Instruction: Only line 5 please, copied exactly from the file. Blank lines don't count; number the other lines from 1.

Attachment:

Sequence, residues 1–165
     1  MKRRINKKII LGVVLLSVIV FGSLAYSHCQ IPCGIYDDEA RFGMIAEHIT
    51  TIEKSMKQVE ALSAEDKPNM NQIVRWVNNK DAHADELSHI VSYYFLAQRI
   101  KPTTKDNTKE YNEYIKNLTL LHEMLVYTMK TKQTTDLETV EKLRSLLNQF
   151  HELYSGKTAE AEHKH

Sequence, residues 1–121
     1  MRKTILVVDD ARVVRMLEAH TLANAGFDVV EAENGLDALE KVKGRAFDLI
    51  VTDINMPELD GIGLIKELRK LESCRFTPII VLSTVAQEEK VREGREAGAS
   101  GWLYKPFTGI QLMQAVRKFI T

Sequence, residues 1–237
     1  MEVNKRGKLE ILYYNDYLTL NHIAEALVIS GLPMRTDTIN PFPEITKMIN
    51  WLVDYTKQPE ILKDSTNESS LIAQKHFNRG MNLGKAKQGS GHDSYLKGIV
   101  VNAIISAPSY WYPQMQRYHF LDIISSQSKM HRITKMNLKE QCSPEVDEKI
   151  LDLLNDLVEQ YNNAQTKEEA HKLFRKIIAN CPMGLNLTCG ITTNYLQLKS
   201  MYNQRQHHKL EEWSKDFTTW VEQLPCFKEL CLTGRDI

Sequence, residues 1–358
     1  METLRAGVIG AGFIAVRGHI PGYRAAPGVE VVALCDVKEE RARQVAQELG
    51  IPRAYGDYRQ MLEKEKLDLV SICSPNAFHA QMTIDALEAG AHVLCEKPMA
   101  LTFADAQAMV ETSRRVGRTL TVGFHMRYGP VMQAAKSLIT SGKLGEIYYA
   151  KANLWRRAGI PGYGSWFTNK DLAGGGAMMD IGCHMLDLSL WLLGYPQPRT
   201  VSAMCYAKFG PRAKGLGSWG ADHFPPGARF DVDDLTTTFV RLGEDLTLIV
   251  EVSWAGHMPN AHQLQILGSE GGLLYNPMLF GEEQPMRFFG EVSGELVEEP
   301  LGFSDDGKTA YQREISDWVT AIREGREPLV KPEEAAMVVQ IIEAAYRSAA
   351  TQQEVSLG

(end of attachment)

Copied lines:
   151  HELYSGKTAE AEHKH